#FlashMobWrites 1×28 Winners

As always, thanks so much for showing up, writing, and commenting! It’s a joy to watch this community grow!

WRITERS

  1. @billmelaterplea
  2. @drmagoo
  3. @SweetSheil
  4. @SilverJames_
  5. @SiobhanMuir
  6. @PattyannMc
  7. @AvLaidlaw
  8. @Aightball

 

WINNERS

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Soldier | Honorable Mention | Silver James | @silverjames_

Cara Says: Sade and Sinjen… le sigh. Sade is 100% behind any sacrifice she needs to make to rescue Sinjen, and damn if that isn’t sexy. In a story, at least.

Ruth Says: As ‘defining moment’s’ go, Sade’s selfless choice, made in a heartbeat of time, is the epitome of love. I have all the feels for this piece! ❤

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Underboss | Second Place | Kel Heinen | @Aightball

Cara Says: I’m a sucker for happiness found. It’s the light at the end of the tunnel, the hope and love… This is such a sweet moment, even with that edge of Jimmy’s volatile past and uncertain future.

Ruth Says: This snapshot of family life, newly begun and freshly minted, tugged at my heart!

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Boss | Winner | Eric Martell | @drmagoo

Cara Says: You took the challenge to wrap your story around a life changing moment and WOW. This brief tale hit me right in the feels. It’s angry, sad, loving, exhausted… all at once. The daughter’s understanding that all is anything but well caps the emotional gut punch.

Ruth Says: What a stunning piece. I loved the way both prompts were incorporated and the ache so deeply embedded in the character’s psyche.

 


The Winning Story by Eric Martell @drmagoo

 

I lose all control in my sleep. In the light of day, I can pretend that she is still here, that she hadn’t made the call to tell me that the tower was on fire, that she hadn’t told me how I should tell our daughter she would never see her mommy again. There is work to do. Laundry to fold. Food to cook. Stories to read. Birthdays to celebrate. Air to breathe.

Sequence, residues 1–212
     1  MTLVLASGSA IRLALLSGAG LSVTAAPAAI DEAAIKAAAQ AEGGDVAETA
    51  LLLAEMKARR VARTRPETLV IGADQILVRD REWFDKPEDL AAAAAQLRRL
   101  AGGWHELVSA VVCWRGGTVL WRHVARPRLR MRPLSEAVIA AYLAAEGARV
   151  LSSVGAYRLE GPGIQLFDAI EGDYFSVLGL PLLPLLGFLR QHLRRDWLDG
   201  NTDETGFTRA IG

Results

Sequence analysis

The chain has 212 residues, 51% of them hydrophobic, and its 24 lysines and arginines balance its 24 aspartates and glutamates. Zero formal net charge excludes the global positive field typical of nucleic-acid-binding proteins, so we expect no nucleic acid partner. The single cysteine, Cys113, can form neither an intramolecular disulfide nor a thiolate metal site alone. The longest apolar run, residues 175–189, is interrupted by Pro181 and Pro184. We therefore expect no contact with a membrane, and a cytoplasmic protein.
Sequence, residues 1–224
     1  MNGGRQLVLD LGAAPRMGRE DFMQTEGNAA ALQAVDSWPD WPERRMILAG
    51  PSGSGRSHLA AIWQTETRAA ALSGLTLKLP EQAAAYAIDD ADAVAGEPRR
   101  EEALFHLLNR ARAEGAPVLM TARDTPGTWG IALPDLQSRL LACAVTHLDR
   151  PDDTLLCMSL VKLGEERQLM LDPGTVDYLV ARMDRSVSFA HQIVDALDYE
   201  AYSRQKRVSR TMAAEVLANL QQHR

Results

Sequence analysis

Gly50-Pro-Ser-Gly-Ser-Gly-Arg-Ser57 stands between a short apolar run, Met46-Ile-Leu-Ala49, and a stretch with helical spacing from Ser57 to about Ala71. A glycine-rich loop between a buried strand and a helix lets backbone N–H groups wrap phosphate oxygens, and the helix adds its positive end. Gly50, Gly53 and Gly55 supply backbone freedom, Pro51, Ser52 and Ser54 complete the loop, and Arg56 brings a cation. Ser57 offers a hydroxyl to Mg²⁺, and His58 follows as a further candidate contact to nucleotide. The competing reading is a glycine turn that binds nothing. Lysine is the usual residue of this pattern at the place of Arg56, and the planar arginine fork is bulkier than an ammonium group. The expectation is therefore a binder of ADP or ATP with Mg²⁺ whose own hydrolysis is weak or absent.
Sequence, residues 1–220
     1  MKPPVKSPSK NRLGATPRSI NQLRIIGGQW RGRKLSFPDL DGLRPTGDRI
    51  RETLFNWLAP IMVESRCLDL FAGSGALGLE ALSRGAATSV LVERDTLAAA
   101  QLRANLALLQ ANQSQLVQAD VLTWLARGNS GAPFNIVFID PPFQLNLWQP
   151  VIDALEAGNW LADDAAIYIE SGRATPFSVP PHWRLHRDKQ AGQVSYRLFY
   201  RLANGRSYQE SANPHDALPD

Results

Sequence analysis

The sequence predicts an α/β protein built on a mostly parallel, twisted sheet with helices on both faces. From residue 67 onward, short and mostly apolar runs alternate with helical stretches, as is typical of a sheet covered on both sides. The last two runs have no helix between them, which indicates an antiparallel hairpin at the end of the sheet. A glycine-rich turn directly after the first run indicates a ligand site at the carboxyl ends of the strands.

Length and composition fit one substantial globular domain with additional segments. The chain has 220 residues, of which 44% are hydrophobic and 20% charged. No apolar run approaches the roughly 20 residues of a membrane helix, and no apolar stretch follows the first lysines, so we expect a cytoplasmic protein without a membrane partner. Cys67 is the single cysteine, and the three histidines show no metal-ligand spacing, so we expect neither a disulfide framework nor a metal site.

Our daughter knows I’m not okay. Sixteen now, and busy with her own life, I see the worry in her eyes when we pass in the hall rushing to get ready in the morning, hear the concern in her voice as she checks in on me before she goes to bed. I’m fine, I tell her. Just tired. And I am tired. But I don’t tell her that every line of her form, every peal of laughter, every touch of her arms as she hugs me goodbye in the morning is a test for me to pass, to see if today is another day I will keep from going insane.

But my dreams betray me. Without the will to build my reality as I see fit, I lose my anchor. Allowed to forget, I am no longer consumed by grief. In my dreams I drive my daughter to her soccer games and cheer with the other parents. We go out for ice cream and celebrate a win or drown our sorrows in whipped cream and hot fudge. As my eyes dance in REM sleep, I see my wife’s beauty echoed in our daughter, but I see me, too, a combination which she carries with a grace that takes my breath away. While the moon and stars cavort overhead, I am happy.

And every morning the grief returns. The anger rises with the sun. By the time I am dressed, and shaved for work, and see my daughter loading up her backpack for school, I am in control again.

But I am not okay.

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